Pelican Institute says tax-and-spend policies harm Louisiana

By Kyla Asbury | Aug 4, 2018

BATON ROUGE — The Pelican Institute for Public Policy says while Louisiana businesses have been a center of interest for trial attorneys across the country, the real victims are citizens of the state.

Louisiana State Capitol building  

BATON ROUGE — The Pelican Institute for Public Policy says while Louisiana businesses have been a center of interest for trial attorneys across the country, the real victims are citizens of the state.

"Louisiana businesses have been in the crosshairs of trial attorneys from all over the country, but the true victims are the citizens of the Pelican state, Pelican Institute Vice President Emily A. Davenport said in an interview with The Louisiana Record. "Lawsuit abuse, along with other tax-and-spend policies supported by the current administration, has landed Louisiana the title of 'worst economy' in the country."

Davenport said jobs and opportunity continue to flee Louisiana at an alarming rate, which causes those left behind to question the status quo.

Louisana Lawsuit Abuse Watch (LLAW) contends that the "tax-sue-and-spend policies" "weakening our already struggling state economy," according to Louisana Watchdog


Emily A. Davenport  

Louisiana’s coastline is eroding—as quick as the size of a football field every 48 minutes, according to recent data.

Lousiana Watchdog claims many of the state's coastal parishes could be underwater by 2100 without levees.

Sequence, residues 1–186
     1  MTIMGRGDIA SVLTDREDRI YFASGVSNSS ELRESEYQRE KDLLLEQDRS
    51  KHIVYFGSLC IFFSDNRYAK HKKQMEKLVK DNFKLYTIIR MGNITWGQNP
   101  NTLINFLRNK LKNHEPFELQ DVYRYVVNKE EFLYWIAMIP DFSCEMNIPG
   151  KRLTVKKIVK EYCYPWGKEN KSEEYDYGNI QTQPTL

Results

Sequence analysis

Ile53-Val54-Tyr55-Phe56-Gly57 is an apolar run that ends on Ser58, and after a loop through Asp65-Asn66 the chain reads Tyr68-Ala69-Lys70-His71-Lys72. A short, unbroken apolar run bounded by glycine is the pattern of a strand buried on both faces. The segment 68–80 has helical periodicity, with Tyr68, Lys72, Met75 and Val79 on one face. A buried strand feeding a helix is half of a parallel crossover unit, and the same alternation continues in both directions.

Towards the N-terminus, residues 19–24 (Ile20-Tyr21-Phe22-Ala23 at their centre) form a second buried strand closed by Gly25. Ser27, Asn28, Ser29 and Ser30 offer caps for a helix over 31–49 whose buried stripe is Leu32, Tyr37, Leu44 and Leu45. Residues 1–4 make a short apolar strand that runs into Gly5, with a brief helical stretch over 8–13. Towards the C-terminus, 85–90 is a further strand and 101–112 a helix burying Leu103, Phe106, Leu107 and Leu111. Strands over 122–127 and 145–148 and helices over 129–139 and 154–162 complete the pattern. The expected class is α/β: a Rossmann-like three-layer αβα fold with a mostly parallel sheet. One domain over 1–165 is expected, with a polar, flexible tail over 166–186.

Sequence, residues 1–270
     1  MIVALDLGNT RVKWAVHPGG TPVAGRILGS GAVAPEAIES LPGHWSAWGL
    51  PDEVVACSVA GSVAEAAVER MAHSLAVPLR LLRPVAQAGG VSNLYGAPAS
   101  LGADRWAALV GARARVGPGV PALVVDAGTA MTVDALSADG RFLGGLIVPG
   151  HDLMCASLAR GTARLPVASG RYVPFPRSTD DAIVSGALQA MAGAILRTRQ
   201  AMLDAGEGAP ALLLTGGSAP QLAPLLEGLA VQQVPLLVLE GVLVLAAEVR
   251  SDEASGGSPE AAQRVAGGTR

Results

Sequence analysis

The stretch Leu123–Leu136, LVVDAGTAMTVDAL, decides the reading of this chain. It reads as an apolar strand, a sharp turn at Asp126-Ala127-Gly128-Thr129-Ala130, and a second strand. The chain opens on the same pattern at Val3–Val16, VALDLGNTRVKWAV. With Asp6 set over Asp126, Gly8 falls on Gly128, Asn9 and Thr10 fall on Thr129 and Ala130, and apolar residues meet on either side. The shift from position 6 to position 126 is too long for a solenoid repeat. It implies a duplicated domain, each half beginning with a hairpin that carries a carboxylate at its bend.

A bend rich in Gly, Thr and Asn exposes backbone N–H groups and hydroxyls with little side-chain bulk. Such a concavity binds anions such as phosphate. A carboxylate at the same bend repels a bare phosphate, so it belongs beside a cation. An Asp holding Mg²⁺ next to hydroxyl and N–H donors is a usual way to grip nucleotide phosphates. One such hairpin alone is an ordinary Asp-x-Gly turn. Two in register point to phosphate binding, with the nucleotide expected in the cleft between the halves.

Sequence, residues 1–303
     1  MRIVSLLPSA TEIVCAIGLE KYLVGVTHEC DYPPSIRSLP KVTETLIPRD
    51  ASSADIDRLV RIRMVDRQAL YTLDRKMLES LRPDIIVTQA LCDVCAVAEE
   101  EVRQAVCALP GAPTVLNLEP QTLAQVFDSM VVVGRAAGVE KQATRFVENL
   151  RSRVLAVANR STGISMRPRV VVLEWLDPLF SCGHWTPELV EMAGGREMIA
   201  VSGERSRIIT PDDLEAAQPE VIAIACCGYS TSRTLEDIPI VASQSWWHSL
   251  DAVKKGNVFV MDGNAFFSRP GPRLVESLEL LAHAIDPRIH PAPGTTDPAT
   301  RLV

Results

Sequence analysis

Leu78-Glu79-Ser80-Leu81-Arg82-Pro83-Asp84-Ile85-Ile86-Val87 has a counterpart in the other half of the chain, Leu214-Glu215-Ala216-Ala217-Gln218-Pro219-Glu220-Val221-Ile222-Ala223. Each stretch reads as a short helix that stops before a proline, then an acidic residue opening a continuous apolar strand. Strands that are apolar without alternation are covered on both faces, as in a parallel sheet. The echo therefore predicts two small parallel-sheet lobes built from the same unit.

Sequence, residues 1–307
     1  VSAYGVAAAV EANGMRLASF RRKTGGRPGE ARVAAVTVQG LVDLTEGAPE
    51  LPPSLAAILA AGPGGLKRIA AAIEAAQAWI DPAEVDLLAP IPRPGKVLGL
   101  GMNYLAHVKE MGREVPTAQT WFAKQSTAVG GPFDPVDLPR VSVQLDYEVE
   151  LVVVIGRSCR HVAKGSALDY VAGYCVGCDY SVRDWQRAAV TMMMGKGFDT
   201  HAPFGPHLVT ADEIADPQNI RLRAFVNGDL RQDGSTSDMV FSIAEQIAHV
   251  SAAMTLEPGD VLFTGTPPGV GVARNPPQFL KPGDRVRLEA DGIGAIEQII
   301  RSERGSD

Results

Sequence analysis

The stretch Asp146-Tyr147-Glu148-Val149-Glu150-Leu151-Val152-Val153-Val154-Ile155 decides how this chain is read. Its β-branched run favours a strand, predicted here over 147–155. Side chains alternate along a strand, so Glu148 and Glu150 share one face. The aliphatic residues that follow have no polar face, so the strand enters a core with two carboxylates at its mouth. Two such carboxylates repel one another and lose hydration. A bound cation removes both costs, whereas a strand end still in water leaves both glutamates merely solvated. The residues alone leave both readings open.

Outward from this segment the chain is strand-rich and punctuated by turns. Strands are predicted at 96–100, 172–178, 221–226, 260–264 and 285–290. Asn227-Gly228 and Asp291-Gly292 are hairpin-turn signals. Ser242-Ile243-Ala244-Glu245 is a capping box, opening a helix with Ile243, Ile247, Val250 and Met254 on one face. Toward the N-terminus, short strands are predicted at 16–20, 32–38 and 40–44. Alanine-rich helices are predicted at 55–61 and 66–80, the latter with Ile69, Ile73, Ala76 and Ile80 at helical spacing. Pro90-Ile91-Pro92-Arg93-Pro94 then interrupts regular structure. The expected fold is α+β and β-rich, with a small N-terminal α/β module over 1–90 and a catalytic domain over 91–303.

There have been many coastal-focused lawsuits filed against oil and gas companies over the last few years that blame the companies for the erosion.

LLAW Executive Director Melissa Landry told Louisiana Watchdog that class actions were intended to benefit and protect consumers, however, they often don't.

Back in May, a letter was written to the presidents of two of Louisiana's largest oil and gas trade associations, in which Gov. John Bel Edwards informed the associations they needed to work together or spend years in litigation.

"We are struggling to pay for our state’s Master Plan to restore the coast," he said in the letter. "I intend to be involved in all facets of the state’s coastal restoration efforts – including those efforts to secure funding for the Master Plan. ... At this point, we have two choices – work together toward an amicable solution or spend years in litigation. There should be no doubt that it is in the best interests of Louisiana and the industry to choose the former option."

Louisana Flood Protection Board (LFPB) filed the first of the coastal lawsuits and alleged that energy companies were digging canals in marshes that caused the coastline to erode.

That lawsuit was dismissed in 2015 when a federal judge ruled that LFPB had no avenue to bring about the suit. The suit was appealed, but a federal appeals court also agreed with the federal judge.

LFPB also requested for the U.S. Supreme Court to hear the case, but it was denied.

Edwards' legal team then sought for coastal parishes and municipalities to file a total of 43 lawsuits in state courts regarding the same issue. His legal team even offered to provide legal services.

The energy companies alleged that everything it did was permitted by the permit it had been issued.

Attorney General Jeff Landry filed a lawsuit against the Corps of Engineers, arguing that when it was constructing the Intracoastal Waterway, it was to preserve a servitude that was created to build and maintain the waterway. Landry claimed the Corps failed to do this and has caused severe erosion.

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